Michael Cohen and Pete Dougherty discuss the issues with the field that caused officials to cancel the Hall of Fame Game between the Green Bay Packers and Indianapolis Colts in Canton, Ohio.
CANTON, Ohio - By the time the night was over, the midfield logo was practically scrubbed clean from Tom Benson Hall of Fame Stadium, almost as though the National Football League and Pro Football Hall of Fame hoped to erase Sunday night's fiasco from memory.
What was supposed to be the finishing touch on a magnificent weekend for the Hall of Fame turned into a sticky mess that ended in the preseason kickoff game being canceled, marking the third time in its six-game relationship with the Hall of Fame game that the Green Bay Packers left here prematurely.
After hours of consternation over the condition of the playing surface and strong objections to playing from both the Packers and Indianapolis Colts, the playing field was deemed unsafe and the game canceled about 6:15 p.m. Milwaukee time. Scores of Packers fans who came to see Brett Favre inducted into the Hall of Fame Saturday night and their 2016 team play for the first time the next day, had to settle for a refund.
"Player safety issue," coach Mike McCarthy said after a makeshift on-field appearance by both teams concluded about the time the first quarter should have been ending. "We did the right thing in line with player safety. It’s disappointing for the team to come down here and (not) play; very disappointing for our fans.
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"(But) it was just incredible to see the green and gold. Everybody was there last night. I thought the ceremony last night was special."
It was obvious three hours before the game started that there was a problem. A motorized sweeper was scraping the red, white and blue Hall of Fame logo at midfield, scattering piles of rubber pellets that sit below the surface of the UBU turf and prevent players' cleats from sticking in the artificial surface.
Later, Hall of Fame executive director David Baker explained that the wrong kind of paint was used on the midfield hall of fame logo and the giant red and white letters in both end zones, causing unsafe conditions. A source familiar with players on both teams said they told him the surface was like "concrete" in some places and largely unplayable.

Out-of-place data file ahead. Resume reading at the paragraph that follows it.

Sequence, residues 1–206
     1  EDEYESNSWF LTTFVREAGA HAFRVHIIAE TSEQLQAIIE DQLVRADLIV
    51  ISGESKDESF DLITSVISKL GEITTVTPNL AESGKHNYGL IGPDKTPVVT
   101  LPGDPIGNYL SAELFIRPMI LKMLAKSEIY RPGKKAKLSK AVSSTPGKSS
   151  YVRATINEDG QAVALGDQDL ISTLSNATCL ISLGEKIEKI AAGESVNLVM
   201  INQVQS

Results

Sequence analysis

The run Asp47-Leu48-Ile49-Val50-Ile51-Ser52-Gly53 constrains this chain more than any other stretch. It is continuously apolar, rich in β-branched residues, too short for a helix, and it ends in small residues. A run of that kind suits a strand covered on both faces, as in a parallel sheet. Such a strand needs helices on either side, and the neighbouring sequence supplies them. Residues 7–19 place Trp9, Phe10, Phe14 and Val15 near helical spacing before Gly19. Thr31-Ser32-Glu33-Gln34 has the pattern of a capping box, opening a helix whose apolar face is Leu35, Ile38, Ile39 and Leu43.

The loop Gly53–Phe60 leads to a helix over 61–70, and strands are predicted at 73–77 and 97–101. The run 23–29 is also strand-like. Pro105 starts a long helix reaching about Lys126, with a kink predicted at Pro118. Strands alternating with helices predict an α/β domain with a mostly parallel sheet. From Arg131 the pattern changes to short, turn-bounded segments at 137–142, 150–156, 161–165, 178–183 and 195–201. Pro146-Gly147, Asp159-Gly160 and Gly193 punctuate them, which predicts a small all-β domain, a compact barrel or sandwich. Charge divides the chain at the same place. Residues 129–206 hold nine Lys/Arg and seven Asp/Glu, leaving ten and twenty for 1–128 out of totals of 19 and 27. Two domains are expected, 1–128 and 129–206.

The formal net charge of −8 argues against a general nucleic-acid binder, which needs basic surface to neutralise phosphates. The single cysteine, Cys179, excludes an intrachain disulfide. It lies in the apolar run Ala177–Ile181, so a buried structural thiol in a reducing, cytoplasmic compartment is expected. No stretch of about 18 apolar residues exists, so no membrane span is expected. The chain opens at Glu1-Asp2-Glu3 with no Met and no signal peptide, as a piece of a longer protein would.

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Pro Football Hall of Fame president David Baker explains the decision to cancel Sunday's preseason game between the Green Bay Packers and Indianapolis Colts. Jim Matthews/USA TODAY NETWORK-Wisconsin
In other areas, particularly where letters were piped in red, it was almost as though the paint melted on the artificial grass blades and rubber pellets, resulting in a gooey mixture that might have caused players' cleats to stick into the ground. The actual surface, transplanted from the Superdome in New Orleans after the 2016 Sugar Bowl, wasn't the problem.
Baker, booed by the crowd as he took the microphone at midfield to explain the cancellation, said as important as the game is to the Canton area, he had to bow to player safety.
"We heard their concerns," Baker said in an interview on ESPN, which was scheduled to televise the game. "Though it was a difficult decision, a lot of fans came a long way. But it was the only decision that could be made. There will be a refund policy. I don't know what it is yet."
Both teams started to come out on the field a little before 5 p.m. and not long after there were coaches, team officials and medical personnel congregated at midfield. At first, it appeared workers were trying to clear the field of the rubber pellets, which were piling up in a half circle around the logo.
McCarthy, Colts coach Chuck Pagano and numerous team officials from both sides gathered to discuss the situation and watch the grounds crew work on the logo. In the meantime, players started to jog, stretch and walk around the areas of the field that did not appear to be affected.
As the workers continued to scuff the surface of the Hall of Fame logo, the prospect of everything being cleared away in time for the start of the game started looking spotty.
Packers general manager Ted Thompson huddled with team physician Patrick McKenzie for a considerable amount of time just two hours before the start of the game as workers continued to sweep over the paint and then shovel up the piles of rubber pellets and distribute them evenly back on the field.
"Again, player safety is so important now," president Mark Murphy said. "The biggest issue facing the league is concern about health and safety. When you have something like this come up, I think you have to make sure you do your due diligence and really look at it.